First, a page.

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COLOUR

STREAK

LUSTER

HARDNESS

Copper Ore (Chalcopyrite)

Grayish olive

Grey

Submetallic

Obsidian

Black

Black

Viterous

Slate

Moderate brown

Moderate brown

Dull

White Marble

White

White

Dull

Argillaceous Sandstone

Greenish grey

Greenish grey

Submetallic

Red Sandstone

Moderate brown

Moderate brown

Submetallic

REACTION WITH
ACID

TABLE 1.1 : PHYSICAL PROPERTIES OF MINERALS IDENTIFICATION

SKETCH

7.0

QUESTION AND DISCUSSION

Briefly describe and explain two (2) classifications of minerals for each type.
Based on International Mineralogical Association, on the year 1995, the definition of
mineral is an element or chemical compound that is normally crystalline and that has been
formed as a result of geological processes. Minerals are the basic material contained in the
earth crust. The term "mineral" refers to both a material's chemical composition, and its
physical structure. For a substance to be classified as a mineral, it must be a solid, non-liquid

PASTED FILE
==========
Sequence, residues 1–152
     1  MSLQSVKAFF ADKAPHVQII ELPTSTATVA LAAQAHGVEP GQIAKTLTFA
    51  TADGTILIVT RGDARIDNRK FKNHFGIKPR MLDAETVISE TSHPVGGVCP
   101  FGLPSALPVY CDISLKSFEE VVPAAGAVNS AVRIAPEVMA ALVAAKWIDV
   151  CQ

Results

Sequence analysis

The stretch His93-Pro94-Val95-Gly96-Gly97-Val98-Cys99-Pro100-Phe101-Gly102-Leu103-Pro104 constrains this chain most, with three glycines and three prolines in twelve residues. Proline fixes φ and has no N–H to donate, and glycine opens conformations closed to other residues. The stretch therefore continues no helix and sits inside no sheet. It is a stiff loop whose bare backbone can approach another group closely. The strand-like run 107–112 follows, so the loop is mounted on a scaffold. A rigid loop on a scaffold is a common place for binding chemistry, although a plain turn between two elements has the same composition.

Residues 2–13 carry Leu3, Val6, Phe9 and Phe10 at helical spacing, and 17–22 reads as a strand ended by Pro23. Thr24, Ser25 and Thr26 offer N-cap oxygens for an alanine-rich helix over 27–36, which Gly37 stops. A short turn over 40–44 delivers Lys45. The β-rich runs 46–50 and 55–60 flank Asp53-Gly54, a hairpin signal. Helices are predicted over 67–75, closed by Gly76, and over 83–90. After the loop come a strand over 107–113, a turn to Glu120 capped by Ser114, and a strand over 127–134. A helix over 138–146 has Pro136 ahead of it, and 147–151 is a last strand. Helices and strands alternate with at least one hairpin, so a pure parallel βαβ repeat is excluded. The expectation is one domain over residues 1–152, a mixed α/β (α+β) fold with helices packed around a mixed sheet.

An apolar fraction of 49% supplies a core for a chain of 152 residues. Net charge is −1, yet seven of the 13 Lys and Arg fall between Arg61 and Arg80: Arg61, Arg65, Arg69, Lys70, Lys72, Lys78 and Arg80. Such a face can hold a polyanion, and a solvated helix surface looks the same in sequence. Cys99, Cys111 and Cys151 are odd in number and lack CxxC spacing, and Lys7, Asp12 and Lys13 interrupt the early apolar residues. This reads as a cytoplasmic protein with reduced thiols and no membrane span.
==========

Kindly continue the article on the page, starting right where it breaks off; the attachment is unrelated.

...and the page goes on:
substance, and a crystal structure. It is classified by their chemical composition. The main
components that are important in mineral forming are silicates, oxides and carbonates. Each
type of minerals has their own chemical and physical characteristic.
There are many types of mineral exist, such as Microcline, Garnet, Gypsum, Halite, Talc,
Aluminium Ore (Bauxite) Copper Ore (Chal Copyrite), Cacite-Carbonate Of Lime,
Plagioclase, Feldspar (Labradorite), Iron Ore(Magnetite). To be classified as a true mineral, a
substance must be a solid and have a crystalline structure. It must also be a naturally
occurring, homogeneous substance with a defined chemical composition.
The classifications of minerals are:
Silicates
This is the largest group of minerals. Silicates are made from metals combined with silicon
and oxygen. There are more silicates than all other minerals put together. They are classified
based on the structure of their silicate group. The silicates minerals make up the largest and
most important class of rock-forming minerals, constituting approximately 90 percent of the
Earth crust. Silicates minerals all contain silicon and oxygen. Silicate classification is based